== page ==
"Chicago's" Renee Zellweger and Richard Gere, "Adaptation's" Meryl Streep, Jennifer Aniston and Edie Falco and others are winners at the 60th annual Golden Globe awards.

LOS ANGELES - It's Golden Globes time again and the awards by 90 obscure foreign correspondents of the Hollywood Foreign Press Association have taken on an importance they haven't had in years.

The reason is simple --- there are a lot of good films out there this year and any well-watched awards show will help narrow the field as the U.S. movie industry gears up for its moment of truth, the Oscars on March 23.

This means the Globes are ``must-see'' this year and the limos are ready to ferry some of the biggest names in the business to the Beverly Hilton Hotel for the free-wheeling show that has the reputation of being the best party in town.

So far the best films, actor and actress picks by critics and awards groups have been all over the motion picture map. The National Board of Review went for ``The Hours'' as the year's best picture, the New York Film Critics opted for ``Far From Heaven,: the L.A. Film Critics crowned ``About Schmidt'' and to add to the confusion, the Broadcast Film Critics Association on Friday named ``Chicago.''

So members of the Hollywood Foreign Press Association have a heavy burden on them: they have to come with credible choices for the best film drama and best musical or comedy of the year as well best actors and actresses in those categories. Whether the people who give out the Oscars like to admit it or not, the studios use success at the Globes the way a politician would use victory in the New Hampshire primary: it's a major claim of momentum.


The Globes have had their miscues -- they once honored Pia Zadora for her acting abilities -- and they have their successes, often pointing the direction that Oscar will take. ``Gladiator'' cut off heads here first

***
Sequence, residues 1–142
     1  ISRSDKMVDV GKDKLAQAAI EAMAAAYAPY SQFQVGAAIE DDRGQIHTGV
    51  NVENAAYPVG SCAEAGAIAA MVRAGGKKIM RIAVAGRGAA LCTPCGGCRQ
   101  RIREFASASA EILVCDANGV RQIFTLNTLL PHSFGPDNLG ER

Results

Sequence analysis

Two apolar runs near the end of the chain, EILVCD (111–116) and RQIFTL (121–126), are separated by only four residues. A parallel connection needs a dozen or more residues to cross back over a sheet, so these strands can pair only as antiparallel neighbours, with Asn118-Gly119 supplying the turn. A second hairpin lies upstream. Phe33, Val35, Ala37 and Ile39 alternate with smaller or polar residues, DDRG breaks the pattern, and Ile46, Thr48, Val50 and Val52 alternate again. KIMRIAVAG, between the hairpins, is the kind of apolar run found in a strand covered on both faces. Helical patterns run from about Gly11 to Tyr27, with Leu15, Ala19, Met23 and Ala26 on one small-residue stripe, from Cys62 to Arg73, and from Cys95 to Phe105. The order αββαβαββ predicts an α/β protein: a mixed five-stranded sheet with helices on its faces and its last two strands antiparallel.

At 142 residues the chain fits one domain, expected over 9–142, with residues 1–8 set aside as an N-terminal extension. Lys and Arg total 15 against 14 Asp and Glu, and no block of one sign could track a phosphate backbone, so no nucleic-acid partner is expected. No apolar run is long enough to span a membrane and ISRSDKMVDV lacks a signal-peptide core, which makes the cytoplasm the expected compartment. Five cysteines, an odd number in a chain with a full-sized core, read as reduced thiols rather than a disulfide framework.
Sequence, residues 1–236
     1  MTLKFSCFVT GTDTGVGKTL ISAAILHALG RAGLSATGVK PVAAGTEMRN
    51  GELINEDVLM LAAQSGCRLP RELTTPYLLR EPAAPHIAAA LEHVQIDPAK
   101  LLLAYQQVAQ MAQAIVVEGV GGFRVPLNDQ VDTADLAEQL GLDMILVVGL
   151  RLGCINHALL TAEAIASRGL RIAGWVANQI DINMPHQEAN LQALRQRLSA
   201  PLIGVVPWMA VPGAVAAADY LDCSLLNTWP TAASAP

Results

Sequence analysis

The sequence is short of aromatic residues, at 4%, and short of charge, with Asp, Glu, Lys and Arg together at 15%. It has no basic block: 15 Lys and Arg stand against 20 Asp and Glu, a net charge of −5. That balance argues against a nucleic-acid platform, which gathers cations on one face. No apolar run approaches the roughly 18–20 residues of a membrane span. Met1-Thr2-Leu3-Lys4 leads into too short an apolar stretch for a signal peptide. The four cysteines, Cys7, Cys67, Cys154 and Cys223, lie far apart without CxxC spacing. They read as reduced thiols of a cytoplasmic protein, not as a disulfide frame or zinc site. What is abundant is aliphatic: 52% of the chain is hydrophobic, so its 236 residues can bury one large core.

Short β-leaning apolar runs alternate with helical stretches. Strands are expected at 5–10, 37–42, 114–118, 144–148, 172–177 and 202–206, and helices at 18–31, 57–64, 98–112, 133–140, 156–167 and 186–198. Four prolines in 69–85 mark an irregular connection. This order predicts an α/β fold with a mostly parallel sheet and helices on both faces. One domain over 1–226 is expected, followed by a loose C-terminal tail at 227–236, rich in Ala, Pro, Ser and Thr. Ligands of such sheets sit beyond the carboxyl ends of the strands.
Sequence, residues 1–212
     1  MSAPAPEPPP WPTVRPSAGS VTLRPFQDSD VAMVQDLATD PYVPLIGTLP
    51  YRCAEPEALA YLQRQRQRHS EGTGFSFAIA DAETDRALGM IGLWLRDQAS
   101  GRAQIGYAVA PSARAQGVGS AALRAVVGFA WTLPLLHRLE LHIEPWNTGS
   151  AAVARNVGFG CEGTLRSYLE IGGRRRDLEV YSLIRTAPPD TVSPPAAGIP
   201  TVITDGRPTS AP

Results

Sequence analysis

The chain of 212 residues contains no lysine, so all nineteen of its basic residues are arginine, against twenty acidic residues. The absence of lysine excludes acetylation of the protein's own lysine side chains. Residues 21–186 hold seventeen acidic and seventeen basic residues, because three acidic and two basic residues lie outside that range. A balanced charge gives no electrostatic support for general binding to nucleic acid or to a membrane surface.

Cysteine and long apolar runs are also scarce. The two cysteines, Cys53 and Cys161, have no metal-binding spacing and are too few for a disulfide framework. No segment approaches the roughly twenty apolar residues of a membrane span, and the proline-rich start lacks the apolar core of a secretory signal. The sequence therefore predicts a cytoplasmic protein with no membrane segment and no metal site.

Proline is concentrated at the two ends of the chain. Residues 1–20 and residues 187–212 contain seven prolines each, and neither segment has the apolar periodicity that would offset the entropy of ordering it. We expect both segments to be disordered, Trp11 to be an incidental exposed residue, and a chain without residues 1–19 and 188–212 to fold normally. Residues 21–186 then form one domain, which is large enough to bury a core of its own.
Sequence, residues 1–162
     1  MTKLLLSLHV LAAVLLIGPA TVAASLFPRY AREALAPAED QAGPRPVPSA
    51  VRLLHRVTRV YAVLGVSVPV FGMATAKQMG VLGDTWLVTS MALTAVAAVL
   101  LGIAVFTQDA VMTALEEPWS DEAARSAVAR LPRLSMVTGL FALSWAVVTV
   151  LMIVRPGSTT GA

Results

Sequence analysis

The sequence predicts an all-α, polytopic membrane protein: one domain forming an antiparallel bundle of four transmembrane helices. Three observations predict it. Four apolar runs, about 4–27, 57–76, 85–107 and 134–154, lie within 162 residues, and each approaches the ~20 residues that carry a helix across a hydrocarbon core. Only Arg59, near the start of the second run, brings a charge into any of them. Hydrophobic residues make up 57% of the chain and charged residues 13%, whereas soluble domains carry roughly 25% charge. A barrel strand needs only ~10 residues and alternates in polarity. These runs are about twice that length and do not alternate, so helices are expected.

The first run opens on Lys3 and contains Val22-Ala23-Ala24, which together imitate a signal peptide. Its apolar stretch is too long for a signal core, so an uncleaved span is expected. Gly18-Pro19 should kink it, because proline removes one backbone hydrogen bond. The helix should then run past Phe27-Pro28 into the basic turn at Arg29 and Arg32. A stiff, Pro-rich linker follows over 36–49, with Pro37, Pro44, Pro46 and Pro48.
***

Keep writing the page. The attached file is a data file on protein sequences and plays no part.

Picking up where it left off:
``Chicago'' is expected to sweep the best musical and comedy categories, but the hardest choice will be finding the best film drama between ``About Schmidt,'' ``Gangs of New York,'' ``The Hours,'' ``The Pianist'' and ``The Lord of the Rings: The Two Towers.''

The favorite is ``The Hours'' but some critics are guessing that Martin Scorsese's ``Gangs of New York'' could rub out the competition, taking its first major pre-Oscar honor and giving the film a respectability it has so far lacked. Others think Roman Polanski's wrenching tale of Holocaust survival ``The Pianist'' may win to give it a huge boost going in the Oscars.

``The Pianist'' won best picture at Cannes and has picked some minor critics awards, but it has not received the attention given to ``The Hours,'' starring Nicole Kidman, Meryl Streep and Julianne Moore, or ``About Schmidt,'' with Globes favorite Jack Nicholson.

So the Globes long known for humor, good cheer and a bubbly celebrity audience, this year have something else -- suspense.

There will also be plenty of celebrities. Along with Kidman and Streep, will be Salma Hayek for ``Frida,'' Diane Lane for ``Unfaithful'' and Moore in ``Far From Heaven.'' The category is too close to call, but industry watchers say Kidman, Streep and Moore are vying for top honors with Lane and Hayek only inches behind.

In the best dramatic actor group, Nicholson seems the front-runner, but Daniel Day Lewis' ``Bill the Butcher'' character in ``Gangs'' may just cut him to shreds. Adrien Brody in ``The Pianist'' and Michael Caine in ``Quiet American'' are also too close for comfort, and Leonardo Di Caprio in ``Catch Me if You Can'' is a real crowd pleaser.

In the best musical or comedy category, ``Chicago'' appears to be the show stopper with eight nominations overall. But ``Greek Wedding'' has shared its own brand of razzle dazzle with audiences this year, which could lead to Golden Globe success.

``Chicago's'' Renee Zellweger and Catherine Zeta-Jones will compete with ``Greek Wedding's'' star and creator Nia Vardalos for best actress in a musical or comedy. They are joined by Goldie Hawn in ``The Banger Sisters'' and newcomer Maggie Gyllenhaal for ``Secretary.''

In the best comedic actor group, Chicago's Richard Gere looks set to tap dance his way around Hugh Grant in ``About a Boy'' as he squares off against Nicolas Cage in ``Adaptation'' and Adam Sandler for ``Punch-Drunk Love.'' Newcomer Kieran Culkin for ``Igby Goes Down'' was a surprise nominee in the group.